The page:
(2) Everyone who receives a financial or other material benefit, knowing that it is obtained by or derived directly or indirectly from the commission of an offence under subsection 279.011(1), is guilty of an indictable offence and liable to imprisonment for a term of not more than 14 years and to a minimum punishment of imprisonment for a term of two years.

279.03 (1) Everyone who, for the purpose of committing or facilitating an offence under subsection 279.01(1), conceals, removes, withholds or destroys any travel document that belongs to another person or any document that establishes or purports to establish another person’s identity or immigration status — whether or not the document is of Canadian origin or is authentic — is guilty of an indictable offence and liable to imprisonment for a term of not more than five years.

(2) Everyone who, for the purpose of committing or facilitating an offence under subsection 279.011(1), conceals, removes, withholds or destroys any travel document that belongs to another person or any document that establishes or purports to establish another person’s identity or immigration status — whether or not the document is of Canadian origin or is authentic — is guilty of an indictable offence and liable to imprisonment for a term of not more than 10 years and to a minimum punishment of imprisonment for a term of one year.

279.04 (1) For the purposes of sections 279.01 to 279.03, a person exploits another person if they cause them to provide, or offer to provide, labour or a service by engaging in conduct that, in all the circumstances, could reasonably be expected to cause the other person to believe that their safety or the safety of a person known to them would be threatened if they failed to provide, or offer to provide, the labour or service.

(2) In determining whether an accused exploits another person under subsection (1), the Court may consider, among other factors, whether the accused

  • (a) used or threatened to use force or another form of coercion;
  • (b) used deception; or
  • (c) abused a position of trust, power or authority

(3) For the purposes of sections 279.01 to 279.03, a person exploits another person if they cause them, by means of deception or the use or threat of force or of any other form of coercion, to have an organ or tissue removed.

2.3 Trafficking in Persons IRPA Offence

118(1) No person shall knowingly organize the coming into Canada of one or more persons by means of abduction, fraud, deception or use or threat of force or coercion.

(2) For the purpose of subsection (1), “organize”, with respect to persons, includes their recruitment or transportation and, after their entry into Canada, the receipt or harbouring of those persons.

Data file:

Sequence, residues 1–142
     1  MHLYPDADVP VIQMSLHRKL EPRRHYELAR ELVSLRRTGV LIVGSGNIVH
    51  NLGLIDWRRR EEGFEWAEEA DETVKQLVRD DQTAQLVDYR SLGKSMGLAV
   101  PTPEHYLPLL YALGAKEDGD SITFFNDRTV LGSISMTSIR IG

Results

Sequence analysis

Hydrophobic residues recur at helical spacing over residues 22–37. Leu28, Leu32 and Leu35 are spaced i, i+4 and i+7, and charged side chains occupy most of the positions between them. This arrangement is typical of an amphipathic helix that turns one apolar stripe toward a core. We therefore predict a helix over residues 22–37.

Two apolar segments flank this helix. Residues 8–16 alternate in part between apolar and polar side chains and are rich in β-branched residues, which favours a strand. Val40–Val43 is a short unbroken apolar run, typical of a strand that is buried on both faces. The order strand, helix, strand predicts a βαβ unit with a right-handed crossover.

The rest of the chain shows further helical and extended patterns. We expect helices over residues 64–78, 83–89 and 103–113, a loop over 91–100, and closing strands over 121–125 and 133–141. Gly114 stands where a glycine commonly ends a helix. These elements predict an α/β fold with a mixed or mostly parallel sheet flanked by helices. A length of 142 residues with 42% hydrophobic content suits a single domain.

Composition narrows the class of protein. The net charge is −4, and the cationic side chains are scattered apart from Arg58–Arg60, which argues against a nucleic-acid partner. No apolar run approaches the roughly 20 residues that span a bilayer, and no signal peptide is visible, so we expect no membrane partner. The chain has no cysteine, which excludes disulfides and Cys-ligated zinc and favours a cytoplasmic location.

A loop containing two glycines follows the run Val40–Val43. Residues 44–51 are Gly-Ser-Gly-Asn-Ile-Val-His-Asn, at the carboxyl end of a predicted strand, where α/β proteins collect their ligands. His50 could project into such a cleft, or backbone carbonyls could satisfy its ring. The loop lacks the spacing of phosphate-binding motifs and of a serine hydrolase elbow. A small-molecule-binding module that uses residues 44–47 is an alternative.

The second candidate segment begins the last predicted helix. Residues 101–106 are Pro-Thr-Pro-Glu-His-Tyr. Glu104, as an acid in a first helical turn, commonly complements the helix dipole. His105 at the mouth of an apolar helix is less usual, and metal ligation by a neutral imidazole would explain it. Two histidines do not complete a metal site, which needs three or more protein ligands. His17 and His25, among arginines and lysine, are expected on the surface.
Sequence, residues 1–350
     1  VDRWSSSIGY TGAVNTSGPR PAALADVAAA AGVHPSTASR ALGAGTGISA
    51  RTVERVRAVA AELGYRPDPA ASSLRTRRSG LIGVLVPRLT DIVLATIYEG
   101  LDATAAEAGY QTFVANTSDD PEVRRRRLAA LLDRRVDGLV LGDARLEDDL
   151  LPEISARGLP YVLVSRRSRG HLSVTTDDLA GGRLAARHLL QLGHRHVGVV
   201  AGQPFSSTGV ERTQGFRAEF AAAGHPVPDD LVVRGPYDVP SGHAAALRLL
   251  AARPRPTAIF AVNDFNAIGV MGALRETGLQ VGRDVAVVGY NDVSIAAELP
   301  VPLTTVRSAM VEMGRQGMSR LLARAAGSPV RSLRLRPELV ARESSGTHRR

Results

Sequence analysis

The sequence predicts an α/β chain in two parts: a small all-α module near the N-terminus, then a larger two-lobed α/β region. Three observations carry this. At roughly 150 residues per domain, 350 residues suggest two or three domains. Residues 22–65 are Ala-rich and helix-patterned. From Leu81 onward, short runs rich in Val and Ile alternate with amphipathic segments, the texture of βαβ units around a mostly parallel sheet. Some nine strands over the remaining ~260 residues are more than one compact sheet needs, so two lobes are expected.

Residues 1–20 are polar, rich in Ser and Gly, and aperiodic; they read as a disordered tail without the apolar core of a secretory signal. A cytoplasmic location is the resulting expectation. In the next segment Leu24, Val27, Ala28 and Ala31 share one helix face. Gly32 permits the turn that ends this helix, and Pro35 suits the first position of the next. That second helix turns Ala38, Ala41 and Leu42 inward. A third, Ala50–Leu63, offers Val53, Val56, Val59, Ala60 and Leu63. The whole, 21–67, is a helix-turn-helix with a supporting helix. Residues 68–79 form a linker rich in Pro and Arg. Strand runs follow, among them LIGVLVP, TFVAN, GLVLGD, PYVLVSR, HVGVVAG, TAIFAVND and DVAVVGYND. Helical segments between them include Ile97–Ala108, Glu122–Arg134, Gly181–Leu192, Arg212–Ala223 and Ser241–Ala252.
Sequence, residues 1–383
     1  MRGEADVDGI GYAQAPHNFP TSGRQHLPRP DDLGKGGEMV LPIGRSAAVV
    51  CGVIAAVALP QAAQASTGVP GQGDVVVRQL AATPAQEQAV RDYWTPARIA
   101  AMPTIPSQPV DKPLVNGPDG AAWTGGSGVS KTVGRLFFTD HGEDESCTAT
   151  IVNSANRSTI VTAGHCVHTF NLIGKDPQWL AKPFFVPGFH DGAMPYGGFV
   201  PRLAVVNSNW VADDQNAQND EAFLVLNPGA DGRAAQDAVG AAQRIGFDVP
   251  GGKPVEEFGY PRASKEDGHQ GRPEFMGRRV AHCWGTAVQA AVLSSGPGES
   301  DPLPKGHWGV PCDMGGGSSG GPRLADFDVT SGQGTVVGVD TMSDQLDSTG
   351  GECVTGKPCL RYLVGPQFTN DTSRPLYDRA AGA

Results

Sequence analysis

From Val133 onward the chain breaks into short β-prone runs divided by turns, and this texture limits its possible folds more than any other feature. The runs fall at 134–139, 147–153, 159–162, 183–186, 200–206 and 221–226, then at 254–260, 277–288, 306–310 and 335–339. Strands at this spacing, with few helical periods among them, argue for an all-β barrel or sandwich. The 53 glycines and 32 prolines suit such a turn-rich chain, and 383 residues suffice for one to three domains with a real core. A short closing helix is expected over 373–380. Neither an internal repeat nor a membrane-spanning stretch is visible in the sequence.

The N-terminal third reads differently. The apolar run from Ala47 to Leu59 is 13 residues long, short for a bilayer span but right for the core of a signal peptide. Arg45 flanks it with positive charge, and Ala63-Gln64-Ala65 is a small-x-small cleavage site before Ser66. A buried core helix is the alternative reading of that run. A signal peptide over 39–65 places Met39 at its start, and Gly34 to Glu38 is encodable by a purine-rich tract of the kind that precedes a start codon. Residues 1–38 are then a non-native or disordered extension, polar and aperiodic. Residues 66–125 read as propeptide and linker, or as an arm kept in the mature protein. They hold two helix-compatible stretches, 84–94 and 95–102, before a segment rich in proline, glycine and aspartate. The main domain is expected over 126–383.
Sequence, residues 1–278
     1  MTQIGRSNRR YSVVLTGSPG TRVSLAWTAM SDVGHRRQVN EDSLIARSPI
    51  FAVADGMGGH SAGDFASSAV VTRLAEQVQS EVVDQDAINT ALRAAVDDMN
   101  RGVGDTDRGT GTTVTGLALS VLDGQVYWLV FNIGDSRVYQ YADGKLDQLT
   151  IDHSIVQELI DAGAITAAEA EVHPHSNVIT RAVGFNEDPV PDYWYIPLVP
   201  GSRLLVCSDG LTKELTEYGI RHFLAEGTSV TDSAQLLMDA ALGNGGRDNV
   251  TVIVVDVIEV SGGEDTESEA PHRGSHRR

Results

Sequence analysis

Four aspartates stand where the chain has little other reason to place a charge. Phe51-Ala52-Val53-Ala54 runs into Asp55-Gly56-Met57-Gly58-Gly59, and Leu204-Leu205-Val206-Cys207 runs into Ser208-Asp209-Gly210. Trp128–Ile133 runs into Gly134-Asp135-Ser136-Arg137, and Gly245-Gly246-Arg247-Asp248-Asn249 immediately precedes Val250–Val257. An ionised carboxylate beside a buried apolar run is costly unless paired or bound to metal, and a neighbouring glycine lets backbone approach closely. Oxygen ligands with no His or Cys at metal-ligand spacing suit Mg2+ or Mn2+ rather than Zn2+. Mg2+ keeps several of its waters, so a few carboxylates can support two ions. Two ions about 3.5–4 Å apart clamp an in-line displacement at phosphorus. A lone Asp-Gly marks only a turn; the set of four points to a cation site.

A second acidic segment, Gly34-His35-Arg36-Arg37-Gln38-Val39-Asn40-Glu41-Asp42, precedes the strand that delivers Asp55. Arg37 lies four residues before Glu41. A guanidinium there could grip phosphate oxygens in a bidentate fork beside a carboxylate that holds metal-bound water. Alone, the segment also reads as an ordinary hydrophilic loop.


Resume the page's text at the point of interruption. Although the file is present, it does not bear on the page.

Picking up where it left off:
120 A person who contravenes section 118 or 119 is guilty of an offence and liable on conviction by way of indictment to a fine of not more than $1,000,000 or to life imprisonment, or to both.

121(1) The court, in determining the penalty to be imposed under subsection 117(2) or (3) or section 120, shall take into account whether

  • (a) bodily harm or death occurred, or the life or safety of any person was endangered, as a result of the commission of the offence;
  • (b) the commission of the offence was for the benefit of, at the direction of or in association with a criminal organization;
  • (c) the commission of the offence was for profit, whether or not any profit was realized; and
  • (d) a person was subjected to humiliating or degrading treatment, including with respect to work or health conditions or sexual exploitation as a result of the commission of the offence.

For the purpose of the criminal law provisions contained in the IRPA, “criminal organization” has the same meaning as in the Criminal Code; namely,

A group, however organized, that:

  1. is composed of three or more persons in or outside Canada; and,
  2. has as one of its main purposes or main activities the facilitation or commission of one or more serious offences that, if committed, would likely result in the direct or indirect receipt of a material benefit, including a financial benefit, by the group or by any of the persons who constitute the group.

It does not include a group of persons that forms randomly for the immediate commission of a single offence.

2.4 Trafficking in Persons Criminal Code Offences: Key Elements

To date, there have been very few judicial interpretations of the specific trafficking in persons provisions, given their relatively recent enactment.  Therefore, the majority of the case law referred to below interprets similar legal standards in related contexts.

Recently though, in the matter of R. v. Stone and Beckford, Footnote 8 Miller J. of the Ontario Superior Court rejected a Charter application by the accused that s. 279.011, the provision targeting the trafficking of persons under eighteen, was unconstitutional on grounds of overbreadth or vagueness.

In dismissing the challenge, the Court observed that the offence requires a high level of mens rea, targeting people who intend to exploit others or who know that others intend to exploit.

The Court further found that s. 279.011 is not vague. Citing the Court of Appeal for Ontario’s decision in the Bedford Footnote 9 challenge to the Code’s prostitution provisions, where that Court found that the phrase “in circumstances of exploitation” was sufficiently precise, Mills J. rejected the accused’s argument that the concept of “exploitation” was difficult to understand or apply.

As of writing, there has been no appellate consideration of the constitutionality of the TIP offences, though the above decision provides a persuasive foundation that they are compliant with the Charter.